First Impressions on Total War Battles: Kingdom
8 Overall Score
Strong strategy focused content, innovative land manipulation tools, great graphics and dialogue
Combat perhaps more simple than we’d prefer, having to pay gold (premium) to unlock colours and icons for your house banner
Creative Assembly most recently released a new addition to the Total War franchise: Total War Battles: Kingdom, a medieval themed cross-platform Steam meets mobile app RTS MMO that puts us in charge of our own Castle and lands. The game follows suit with many other mobile/browser style strategy games, a balance of resource acquisition and management combined with building and expanding and Empire and training up your army for real time combat with AI or players. The game looks great, the features are simple to use but have some pretty innovative and robust elements to them that we most definitely haven’t seen in other free to play RTS games; all of that said there is one massive thing that should be highlighted.
This in no way is a Total War game.
Other than the graphics there is nothing really that resembles the standard Total War games that we’re familiar with from the developers, so if you’re expecting the large scale battles that we see in the standard franchise or even Arena (albeit you don’t control the entire army yourself) you’re in for a disappointment; Total War Battles definitely stands on its own. This isn’t a bad thing, the game is fun of its own accord, but anyone loading up the app expecting a more mobile accessible version of the other Total War games is going to find themselves playing a completely different game and as long as you can accept that then we feel you’ll enjoy what has been created.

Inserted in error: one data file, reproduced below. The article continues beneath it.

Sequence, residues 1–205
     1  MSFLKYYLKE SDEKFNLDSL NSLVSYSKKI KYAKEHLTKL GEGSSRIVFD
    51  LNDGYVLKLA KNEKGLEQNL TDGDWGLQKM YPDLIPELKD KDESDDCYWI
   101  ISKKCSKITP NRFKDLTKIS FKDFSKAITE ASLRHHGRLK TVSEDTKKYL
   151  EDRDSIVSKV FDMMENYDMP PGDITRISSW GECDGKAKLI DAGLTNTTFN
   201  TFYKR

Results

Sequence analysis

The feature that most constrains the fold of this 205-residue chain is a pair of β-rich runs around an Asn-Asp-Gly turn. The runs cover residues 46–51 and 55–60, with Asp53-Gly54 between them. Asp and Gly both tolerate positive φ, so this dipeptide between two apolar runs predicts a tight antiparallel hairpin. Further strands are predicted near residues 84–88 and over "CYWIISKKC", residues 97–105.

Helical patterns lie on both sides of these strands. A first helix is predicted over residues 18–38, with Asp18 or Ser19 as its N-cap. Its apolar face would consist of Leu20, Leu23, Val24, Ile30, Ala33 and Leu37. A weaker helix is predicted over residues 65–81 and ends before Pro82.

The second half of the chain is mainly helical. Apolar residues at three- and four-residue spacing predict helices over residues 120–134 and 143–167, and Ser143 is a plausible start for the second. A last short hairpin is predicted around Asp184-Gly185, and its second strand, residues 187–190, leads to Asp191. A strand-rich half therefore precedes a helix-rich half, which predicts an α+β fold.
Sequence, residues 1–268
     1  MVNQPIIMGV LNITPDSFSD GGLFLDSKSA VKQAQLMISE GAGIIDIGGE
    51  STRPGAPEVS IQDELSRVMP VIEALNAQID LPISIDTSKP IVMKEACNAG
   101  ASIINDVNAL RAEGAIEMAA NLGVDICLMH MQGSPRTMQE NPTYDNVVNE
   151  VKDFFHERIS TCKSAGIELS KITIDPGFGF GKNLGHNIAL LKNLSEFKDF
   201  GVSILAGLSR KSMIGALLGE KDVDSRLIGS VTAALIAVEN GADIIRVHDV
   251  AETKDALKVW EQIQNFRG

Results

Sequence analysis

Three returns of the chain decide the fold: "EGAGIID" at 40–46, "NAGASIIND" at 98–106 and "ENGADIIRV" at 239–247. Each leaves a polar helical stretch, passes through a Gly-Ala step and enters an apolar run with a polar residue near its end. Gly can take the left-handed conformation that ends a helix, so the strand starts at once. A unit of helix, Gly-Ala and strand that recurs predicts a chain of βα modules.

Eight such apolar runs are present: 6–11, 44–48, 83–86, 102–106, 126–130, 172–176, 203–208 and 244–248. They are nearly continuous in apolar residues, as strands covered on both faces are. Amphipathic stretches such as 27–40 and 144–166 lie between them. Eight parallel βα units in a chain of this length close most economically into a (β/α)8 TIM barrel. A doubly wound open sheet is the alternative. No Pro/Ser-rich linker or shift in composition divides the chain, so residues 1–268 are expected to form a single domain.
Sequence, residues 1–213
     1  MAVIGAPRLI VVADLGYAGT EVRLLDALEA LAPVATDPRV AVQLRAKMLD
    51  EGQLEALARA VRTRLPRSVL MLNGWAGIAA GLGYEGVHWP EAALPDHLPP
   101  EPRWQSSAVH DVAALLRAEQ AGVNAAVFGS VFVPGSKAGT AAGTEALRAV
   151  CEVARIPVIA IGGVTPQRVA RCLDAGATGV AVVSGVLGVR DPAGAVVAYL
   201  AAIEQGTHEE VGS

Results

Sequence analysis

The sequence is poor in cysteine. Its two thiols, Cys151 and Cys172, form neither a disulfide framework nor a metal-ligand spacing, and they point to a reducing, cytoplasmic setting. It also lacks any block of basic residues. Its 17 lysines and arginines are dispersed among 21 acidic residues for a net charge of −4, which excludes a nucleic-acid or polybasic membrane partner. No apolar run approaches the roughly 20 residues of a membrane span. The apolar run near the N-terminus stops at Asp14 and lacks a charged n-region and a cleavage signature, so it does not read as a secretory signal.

When starting up for the first time we begin with a Castle, a few production-based buildings (woodcutter, quarry and a farm with a few surrounding crop fields) and a land that needs some much needed repair. The map is a hex based system, which we’re more used to seeing in Sid Meier’s Civilization and each building you construct around your main Castle takes up one of these hexes. The initial tutorial mode did a great job of demonstrating the land manipulating which is a very cool system; starting out we had a dam that had burst and flooded the town creating an intruding line of river tiles, we could build a new dam on the lake-river tile to stop the river flowing into the town and then use the terrain tool to increase the height of the land to stop the lake flowing into it (as water tiles naturally flow into any tiles that are on the same height level or lower). This also meant that as our farmland had dried up we could lower the terrain hexes near the lake to create our own river leading to our crops to irrigate them. From here you have the more traditional elements such as clearing forest tiles with your Woodcutter to give you resources and buildable land, or constructing bridges over rivers to link your roads to new locations; it was all very well done.
Buildings and features in general are unlocked as you level up, so there’s a simple linear progression to gameplay as players are learning new things, after nearly three hours in the game though we were only at level 8 and still there were a lot of buildings and features locked so it’s a steady process. Constructing buildings isn’t as simple as just putting them down wherever you like, there is a synergy between buildings that they grant boosts when they are next to certain other types of building such as Residential buildings being built next to Churches, but in general all building/city tiles need to connect to each other leading back to your Castle (with the exception of some of the production buildings).